The game of life at old Kilbarry school
Playing at the top level is a different ball game but for kids, participation and fun are what count
As in life this schoolyard game was kind of dominated by the strong but mistakes were rarely if ever commented on. Photograph: Inpho
The GAA’s progressive and inclusive Go Games initiative was in the sports news recently, as was some discussion on Liveline on RTÉ radio on the subject of poor sideline behaviour by a minority of adults at children’s games .
The GAA , in my estimation, is on the right road with the Go Games . Basically, all the child players get to play for the full game in a fun environment with emphasis on improving skills. Participants are not subject to the “win at all costs” approach.
This should lead to less perceived stress on players from coaches and parents. The emphasis is on player development rather than winning or losing. Everybody involved in Go Games, whether as players, parents/guardians, spectators, mentors, teachers or officials should adhere to the fundamental principles and give expression to the GAA’s “Give Respect, Get Respect” initiative.
I grew up and always played in an environment where winning was everything . I never fully believed in this philosophy but as a player one had to develop this edge or risk not getting on the first team.
It wasn’t until relatively recently I experienced first-hand proof that children like to play and have fun and that winning doesn’t really matter. We adults are responsible for inculcating the win at all costs mentality much too early in their young lives. Much of the time the adults are endeavouring to make their children into the kind of players they wished they were themselves
My final teaching days were spent in Kilbarry National School. This wonderful small rural educational establishment has been sitting at the side of the road a few miles east of Inchigeela in the barony of Muskerry for over one 130 years.The concrete school yard is about 60 metres by 20. The school stands at one end of the long side and the road is the other boundary. A stream and a field provide the remaining borders.
Every dry and not so dry lunchtime gave the boys and girls the opportunity to play Gaelic football across the yard. This is a footballing area and most of the children have a great interest in the game.
On arriving to teach in this special area a few years ago I was immediately fascinated by some of the dynamics of the daily game. It was actually an enactment of an almost perfect life, a life that has rules, respect, tolerance and allowances.
I can’t lay claim to having taught the children any of the values or skills they so easily use in every game. Their homes have to take most of the credit.
As in all walks of life there was a hierarchy in this schoolyard.The sixth class boys were at the head. The teams were chosen by the leaders. A pupil could only play in the big game when he or she was in the master’s room. Equality and inclusion were givens. If you’ve made it to fourth class you were in the game if you wanted to be. Some didn’t of course.
The teams were quickly chosen and the ball was thrown in and the game began. As in life this game was kind of dominated by the strong but mistakes were rarely if ever commented on. Stray passes seldom drew any comment either. Some children ate their lunch while participating in the game, popping in and out of the classroom to replenish supplies. No comment ever from anybody here either. Individual toilet breaks were taken when needed but the game carried on.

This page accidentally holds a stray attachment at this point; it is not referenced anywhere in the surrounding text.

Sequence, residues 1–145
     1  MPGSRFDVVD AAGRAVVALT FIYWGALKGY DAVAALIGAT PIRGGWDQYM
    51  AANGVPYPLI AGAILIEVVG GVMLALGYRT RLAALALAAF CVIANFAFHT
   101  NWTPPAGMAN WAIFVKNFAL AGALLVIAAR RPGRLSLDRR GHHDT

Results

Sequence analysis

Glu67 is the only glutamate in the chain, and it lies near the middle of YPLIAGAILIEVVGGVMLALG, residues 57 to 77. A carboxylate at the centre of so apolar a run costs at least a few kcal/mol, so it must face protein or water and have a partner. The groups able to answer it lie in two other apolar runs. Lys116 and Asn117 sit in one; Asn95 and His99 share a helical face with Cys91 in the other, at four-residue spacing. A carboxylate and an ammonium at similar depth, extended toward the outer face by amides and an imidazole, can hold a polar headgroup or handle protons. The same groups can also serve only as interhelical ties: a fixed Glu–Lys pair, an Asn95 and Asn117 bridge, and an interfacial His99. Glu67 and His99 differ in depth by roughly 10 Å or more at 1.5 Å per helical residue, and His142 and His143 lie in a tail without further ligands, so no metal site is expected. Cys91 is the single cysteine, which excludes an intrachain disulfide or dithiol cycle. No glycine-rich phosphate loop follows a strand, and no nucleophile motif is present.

The ball went into the stream many times everyday. If the current was strong and the ball was carried then a few children would have to help in its retrieval. The game carried on when everybody was ready. The playing area was the entire yard but this didn’t preclude any of the other children from creating their own entertainment up and down the same space.
Tolerance and inclusion
There might be a game of rounders going on across the football game. A game of chasing was always a possibility. Don’t forget this was all in the one area. Yes indeed tolerance and inclusion was alive in this yard.
There was always a stoppage for injury and genuine concern for the injured. Respect for the opponent was paramount.
One could opt out or in at any stage for any reason. If you were playing you were playing if you weren’t you weren’t.
There was rarely, if ever, anger in this sacred place.The game was played within the rules but being less than good was always tolerated. The scores, some days, came fast and furious.The standard was very high in this yard.
As soon as scoil was called the game ended immediately. None of your next score stuff. Everybody left and headed for the classroom . There was, rarely, if ever, talk of the score or who won or lost.
This is sport in the real sense. Adults have much to learn from this daily unscripted drama.
As Van Morrison wrote “Wouldn’t it be great if it was like this all the time?”
Obviously there is a big culture change needed to bring about the realisation that the participation, in the long run, is much more valuable and rewarding than winning at all costs.
All sports should be doing their utmost to keep as many children as possible involved for all long as possible. Participation, fun and skill acquisition in that order, are key. Later the maturing player will then be in a position to decide if he or she wants to play at a higher level.
As the old Irish saying goes “Mol an óige agus tiocfaidh sí” – praise youth and it will flourish.